Hidden away at a little corner of Sandakan, and perched on top of a small hill that is surrounded by tropical forests, Panganakan Dii Tropical Retreat is a place where guests will find peace and tranquility. Since its opening on 1st July, 2008, many of its guests have found that this is a wonderful place to spend a night or two. This is where guests can wake up to the nature's habitat. In the morning, it is common for one to hear the birds chirping away, or listen to the constant humming of the insects, or be surprised by the mysterious noise from the forests which isoften caused by the naughty monkeys chasing one another up in the trees. Although the squirrels don't really mixed with humans, these cute little animals are often sighted on the tree branches while they go searching for food after day break.
Adjacent to the Kabili Forest Reserve and just 800 metres away from the Sepilok Orangutan Rehabilitation Centre, lies this classy and charming accommodation called Sepilok Forest Edge Resort. This establishment used to run a mere budget accommodation located away from the present compound and it was called Labuk B & B. Since moving to the present premise which have more rooms, chalets and better facilities the establishment has chosen to stick with the new name. This resort is well planned. The wooden chalets are placed apart from each other which ensures good privacy. These chalets also blend in very well with the surrounding forest. Budget option like dormitory is available too. Staying for a few days here will allow guests to take in the beautiful surroundings of the green forests, as well as having ample times to explore the nearby orangutan centre and the Discovery Rainforest Centre.
The orangutan, a close relative of a human being, is one of the main reasons for tourists who frequently visit Sandakan. Every day Sepilok Orangutan rehabilitation Centre attracts hundreds of visitors just for a glimpse of this extremely endangered wildlife. A few accommodations are located near the vicinity of the centre, but the nearest of them all, would have to be the Sepilok Jungle Resort, situated immediately next to the entrance of the centre. The resort offers a few kinds of accommodations to cater for various types of travellers, even the budget conscious ones are counted.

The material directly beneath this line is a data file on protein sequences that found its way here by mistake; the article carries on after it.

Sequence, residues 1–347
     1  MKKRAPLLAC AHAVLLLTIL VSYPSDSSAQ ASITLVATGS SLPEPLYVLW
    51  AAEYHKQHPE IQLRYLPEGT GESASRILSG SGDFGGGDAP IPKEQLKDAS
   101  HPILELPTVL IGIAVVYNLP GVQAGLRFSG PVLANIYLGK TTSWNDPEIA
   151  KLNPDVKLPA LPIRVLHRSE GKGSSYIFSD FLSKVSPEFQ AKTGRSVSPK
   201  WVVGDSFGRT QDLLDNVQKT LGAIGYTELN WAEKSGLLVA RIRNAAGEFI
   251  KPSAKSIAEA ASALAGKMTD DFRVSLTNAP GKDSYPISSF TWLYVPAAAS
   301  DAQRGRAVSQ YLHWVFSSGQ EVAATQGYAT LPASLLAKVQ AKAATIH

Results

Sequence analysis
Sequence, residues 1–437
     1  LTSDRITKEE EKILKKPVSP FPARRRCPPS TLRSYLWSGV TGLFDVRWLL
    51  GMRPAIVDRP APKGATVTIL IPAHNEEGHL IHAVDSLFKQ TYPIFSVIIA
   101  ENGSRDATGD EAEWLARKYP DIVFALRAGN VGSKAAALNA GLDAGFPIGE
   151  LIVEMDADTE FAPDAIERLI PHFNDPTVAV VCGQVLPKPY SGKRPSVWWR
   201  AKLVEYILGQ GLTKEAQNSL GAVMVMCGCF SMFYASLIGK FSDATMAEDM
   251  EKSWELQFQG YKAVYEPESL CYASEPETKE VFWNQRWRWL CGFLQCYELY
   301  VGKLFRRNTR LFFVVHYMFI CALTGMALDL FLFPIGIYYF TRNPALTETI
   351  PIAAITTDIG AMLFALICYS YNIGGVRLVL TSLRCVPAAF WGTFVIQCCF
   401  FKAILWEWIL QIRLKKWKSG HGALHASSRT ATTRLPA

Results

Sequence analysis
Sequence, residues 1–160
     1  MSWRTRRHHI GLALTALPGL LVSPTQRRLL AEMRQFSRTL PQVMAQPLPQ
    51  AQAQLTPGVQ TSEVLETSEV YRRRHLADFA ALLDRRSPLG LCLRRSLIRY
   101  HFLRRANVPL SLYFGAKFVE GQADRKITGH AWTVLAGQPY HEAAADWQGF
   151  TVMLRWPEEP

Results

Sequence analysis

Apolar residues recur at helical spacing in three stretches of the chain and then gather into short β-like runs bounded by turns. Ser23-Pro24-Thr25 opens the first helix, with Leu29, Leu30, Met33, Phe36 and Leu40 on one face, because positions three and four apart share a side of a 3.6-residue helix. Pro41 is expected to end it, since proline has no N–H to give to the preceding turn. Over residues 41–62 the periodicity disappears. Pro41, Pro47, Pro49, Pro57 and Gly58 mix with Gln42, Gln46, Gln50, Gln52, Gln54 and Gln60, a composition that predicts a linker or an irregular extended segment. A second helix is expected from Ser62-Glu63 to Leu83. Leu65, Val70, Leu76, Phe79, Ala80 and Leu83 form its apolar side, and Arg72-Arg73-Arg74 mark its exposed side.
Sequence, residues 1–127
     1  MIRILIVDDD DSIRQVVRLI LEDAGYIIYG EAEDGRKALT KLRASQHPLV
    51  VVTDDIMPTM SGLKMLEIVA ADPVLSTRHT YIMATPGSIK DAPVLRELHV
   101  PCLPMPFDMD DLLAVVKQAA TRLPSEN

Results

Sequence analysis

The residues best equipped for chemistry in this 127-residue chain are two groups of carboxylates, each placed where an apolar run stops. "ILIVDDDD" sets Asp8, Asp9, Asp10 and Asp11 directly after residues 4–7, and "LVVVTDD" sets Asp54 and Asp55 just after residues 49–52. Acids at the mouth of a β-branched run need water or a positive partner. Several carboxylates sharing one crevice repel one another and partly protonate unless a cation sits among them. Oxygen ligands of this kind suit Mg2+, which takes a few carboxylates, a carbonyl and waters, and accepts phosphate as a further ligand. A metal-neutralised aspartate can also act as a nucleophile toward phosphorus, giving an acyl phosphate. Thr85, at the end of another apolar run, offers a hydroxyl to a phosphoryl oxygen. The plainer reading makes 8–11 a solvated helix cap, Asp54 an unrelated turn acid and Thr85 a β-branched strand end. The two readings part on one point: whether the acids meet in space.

Sabah is located on the northern part of the Borneo Island, the third largest island in the world. It has a land mass of 73,619 square kilometres, which is just slightly bigger than the Washington state of USA. Two thirds of Sabah shoreline are surrounded by seas and with its long shoreline, it also comes with many tropical islands, as many as one hundred, which range from the habitable big ones to exotic tiny ones.
Last century a prize winning book called “Land Below the Wind” which was written by celebrated American writer Agnes Keith, has created a lot of interest from the Western world to explore this wonderful mysterious land. Today with avid promotion done by the state government in many developed countries and also via words of mouth, Sabah is fast becoming the popular choice for an ultimate tropical vacation.
A useful bus and coach schedules to Sepilok and Labuk Bay from Sandakan town.
After paying a visit to the famous Sepilok Orang-Utan Rehabilitation Centre or while waiting for the feeding time in the afternoon, one can always turn into the Rainforest Discovery Centre (RDC) which is about 1km away. This is a great new addition to the Sandakan tourist destinations. Set within the Kabili-Sepilok Forest Reserve, Rainforest Discovery Centre is a huge place. The main attractions here are the canopy walk, the plant discovery garden and the forest trails. Bird lovers will have an extra incentive to visit, three towers that mushroom up to the top of the canopy giving visitors a spectacular view over the surrounding tree tops. Huge canopy walkway on equal height with the trees allows photographers to choose the perfect spot to capture that unique picture of exotic birds of Borneo (with some luck).
The future looks grim and the present looks cloudy, this is the plight of the orangutan. The forests in the world are shrinking rapidly day by day, even in the the last frontier of Borneo. The orangutan is loosing their home land (habitat) to the continuous clearing of the forests to what man called human development. Deforestation due to illegal logging and the continuous land clearing for the oil palm plantations are taking its toll on the orangutan population in the wild. The scientists estimated that there are about 11,000 wild orangutans left in Sabah, this might seems a rather hopeful piece of news. But orangutan has the slowest reproduction cycle in the mammals world, and most of them live a solitary life, their species survivor is really left in our hands. Conservation is the key to that goal.